Asking the questions that need to be asked;
If you are born with a disability do you lose as much as someone who becomes disabled?
I was not born with a disability, mine kind of quietly crept up on me and then took hold with a cruel vengeance. Sadly my disease is not exotic, or unheard of, no mine is so boring people treat it with contempt and ignore it. You’ll ignore it at your peril though.
I was diagnosed with type 2 diabetes in August 2011, a day I will never forget, the day I was diagnosed came as a huge shock. Why? Because I ate a fairly good balanced diet, didn’t drink very much alcohol at all, and I cycled in to work most days (unless it rained hard, then I drove), but even so I joined a local gym that very evening straight after work. I was determined to defeat this disease on my own terms. It would not get the better of me. The MD of the company I worked for initially made the right noises about supporting me. I had a career as a sales manager in the oil industry. I was earning a good wage. My family (I am married and I have five children) and I were comfortable, my kiddies weren’t spoilt but wanted for nothing, and family life was good. I worked for a little company in Poole with less than 10 employees.
I went back to my doctor around November 2011 as I was struggling with pains in my legs and feet and kept getting stupidly hot and sweaty up top, while never being able to keep my legs warm. Tests followed and my doctor advised me that I had diabetic neuropathy, and that it was so advanced and the damage so extensive that I had more than likely had diabetes for 10-12 years prior to my diagnoses! I began a course of pain killers and saw specialists. Nothing really seemed to ease the pain, in fact it began increasing, so much so I just couldn’t cope. I had a nervous breakdown after seeing the doctor and went to our local Sainsbury for a coffee. My Wife contacted my employer and explained as best she could. I was signed off for two weeks. I won’t bore you with the details, but sadly as things progressed I never returned and was eventually relieved of my responsibilities and lost my job. I never had a visit or even a card from my staff or fellow colleagues. Not even the MD bothered. Sad really as I single-handedly turned their fortunes around. I kept returning to my GP seeking help and answers. My ability to walk was diminishing by the day, pain in my legs was keeping me awake at night so my body clock was completely screwed up. Then there was the fatigue, I couldn’t seem to do anything without it knocking me for six. If I washed the car for example it would take me about 30 minutes, but I’d be out of action for 3 hours, then it would be a day, then two days. So I stopped doing anything.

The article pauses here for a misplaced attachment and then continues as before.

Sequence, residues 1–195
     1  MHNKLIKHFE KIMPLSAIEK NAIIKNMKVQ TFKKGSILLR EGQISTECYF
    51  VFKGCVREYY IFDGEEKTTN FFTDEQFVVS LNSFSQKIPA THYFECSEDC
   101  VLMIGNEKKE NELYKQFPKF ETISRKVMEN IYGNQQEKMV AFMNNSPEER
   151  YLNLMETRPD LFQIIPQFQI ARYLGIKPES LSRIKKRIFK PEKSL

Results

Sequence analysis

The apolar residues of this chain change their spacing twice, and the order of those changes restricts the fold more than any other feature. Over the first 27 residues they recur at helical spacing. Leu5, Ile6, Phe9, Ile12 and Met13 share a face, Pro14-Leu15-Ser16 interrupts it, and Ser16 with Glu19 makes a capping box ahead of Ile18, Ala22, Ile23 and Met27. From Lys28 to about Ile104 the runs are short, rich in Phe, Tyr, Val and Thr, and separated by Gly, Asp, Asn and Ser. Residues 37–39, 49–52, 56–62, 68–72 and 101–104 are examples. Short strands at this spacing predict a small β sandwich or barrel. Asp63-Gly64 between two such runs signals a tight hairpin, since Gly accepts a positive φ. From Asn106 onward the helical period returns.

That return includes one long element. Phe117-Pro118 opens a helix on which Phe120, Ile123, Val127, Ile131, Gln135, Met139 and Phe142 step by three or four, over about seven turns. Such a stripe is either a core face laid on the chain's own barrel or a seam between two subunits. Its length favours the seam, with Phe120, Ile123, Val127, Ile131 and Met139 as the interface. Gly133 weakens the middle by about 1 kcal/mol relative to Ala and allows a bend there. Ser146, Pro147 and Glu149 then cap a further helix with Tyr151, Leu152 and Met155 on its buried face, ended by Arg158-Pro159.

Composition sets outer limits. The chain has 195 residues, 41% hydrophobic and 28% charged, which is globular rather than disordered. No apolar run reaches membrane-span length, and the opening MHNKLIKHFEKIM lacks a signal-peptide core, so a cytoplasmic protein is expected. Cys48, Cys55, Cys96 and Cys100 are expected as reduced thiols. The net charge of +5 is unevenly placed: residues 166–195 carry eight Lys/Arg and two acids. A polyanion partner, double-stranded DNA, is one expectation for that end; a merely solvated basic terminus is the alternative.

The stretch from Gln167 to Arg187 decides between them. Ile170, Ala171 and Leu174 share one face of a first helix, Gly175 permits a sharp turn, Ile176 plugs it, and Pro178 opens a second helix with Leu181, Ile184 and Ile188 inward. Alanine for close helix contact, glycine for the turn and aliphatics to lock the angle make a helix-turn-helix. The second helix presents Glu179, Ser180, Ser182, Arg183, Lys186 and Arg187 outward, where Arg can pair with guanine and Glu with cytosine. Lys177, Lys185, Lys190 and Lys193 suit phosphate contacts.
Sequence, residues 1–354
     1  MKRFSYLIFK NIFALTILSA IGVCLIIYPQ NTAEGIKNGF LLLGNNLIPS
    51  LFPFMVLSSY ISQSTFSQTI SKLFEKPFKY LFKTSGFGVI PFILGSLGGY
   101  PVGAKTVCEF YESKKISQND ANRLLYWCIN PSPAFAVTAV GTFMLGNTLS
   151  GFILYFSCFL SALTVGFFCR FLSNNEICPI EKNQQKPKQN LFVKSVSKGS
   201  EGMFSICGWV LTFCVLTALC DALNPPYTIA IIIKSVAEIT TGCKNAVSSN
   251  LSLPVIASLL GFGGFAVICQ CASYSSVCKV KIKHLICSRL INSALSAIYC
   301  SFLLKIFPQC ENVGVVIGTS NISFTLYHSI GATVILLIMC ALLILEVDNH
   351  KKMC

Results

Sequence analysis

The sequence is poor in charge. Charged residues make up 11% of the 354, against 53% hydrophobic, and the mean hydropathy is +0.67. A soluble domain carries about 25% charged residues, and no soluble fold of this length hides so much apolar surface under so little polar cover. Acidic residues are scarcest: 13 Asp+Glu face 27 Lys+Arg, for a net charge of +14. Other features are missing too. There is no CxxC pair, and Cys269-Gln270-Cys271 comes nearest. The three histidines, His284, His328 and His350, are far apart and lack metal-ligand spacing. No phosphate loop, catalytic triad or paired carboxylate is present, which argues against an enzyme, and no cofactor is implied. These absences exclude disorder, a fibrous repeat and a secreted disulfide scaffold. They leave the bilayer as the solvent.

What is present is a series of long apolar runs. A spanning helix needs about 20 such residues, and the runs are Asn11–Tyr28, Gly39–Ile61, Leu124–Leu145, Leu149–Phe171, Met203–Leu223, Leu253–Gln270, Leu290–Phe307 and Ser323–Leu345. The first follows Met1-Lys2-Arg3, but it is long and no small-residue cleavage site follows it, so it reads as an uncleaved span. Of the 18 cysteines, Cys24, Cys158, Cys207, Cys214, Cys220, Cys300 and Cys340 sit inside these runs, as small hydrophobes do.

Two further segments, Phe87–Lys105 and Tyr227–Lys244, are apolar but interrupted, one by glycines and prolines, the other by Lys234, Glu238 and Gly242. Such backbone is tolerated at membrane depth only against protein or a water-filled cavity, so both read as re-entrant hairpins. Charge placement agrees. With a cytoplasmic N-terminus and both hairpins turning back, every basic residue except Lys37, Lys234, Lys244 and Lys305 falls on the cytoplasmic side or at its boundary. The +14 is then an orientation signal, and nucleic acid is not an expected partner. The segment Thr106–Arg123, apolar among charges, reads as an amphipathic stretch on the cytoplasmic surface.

I haven’t yet found a cure for the freezing legs/sweaty up top combination, and I still suffer with keeping weird hours and having no energy. I take a maximum dose of dihydrocodeine and others for the pain in my legs, but it doesn’t really touch it. This means I cannot walk any more than 100 yards and only with crutches. Everywhere else my wife pushes me in an NHS style wheelchair. I haven’t left my house independently for at least 18 months. My wife is my unpaid carer. I miss the challenges work gave me, the buzz of the team hitting targets, the banter with the lads and the interaction with everyone (even the few who were constantly moody). I miss going to the gym, I miss cycling to work. I detest that I can no longer be a proper Dad to my children, taking them to the local park, or out for a drive. I am imprisoned in my house; I spend most days sat up in my bed or if it is a really good day, I shuffle downstairs with my Wife’s assistance for a few hours. I have recently started a ‘gofundme’ campaign in order to try to raise funds for a super lightweight wheelchair so that I can at least get out on my own safely. My own view is this; when you’ve had a life an lose it through an accident or illness you lose more than someone who never had it. It doesn’t mean that you’re any worse off than any other disabled person, it means you have a bigger challenge adapting. Have you had a similar experience? Please share your thoughts in the comments below, I find sharing experiences encouraging and if you have tips on how you cope it could help me, and any other readers. There are good things that have come from this; I have been able to see both my youngest grow up and start school. I started a campaign that many other disabled drivers can relate to and have an online petition gathering signatures to challenge government to stop the abuse of disabled parking bays. I have made friends through this process and it has helped me a lot with the low mood that typically affects those who have poor mobility. I have also grown closer to my Wife because of this, though I regret being so reliant upon her and therefore taking so many opportunities away from her.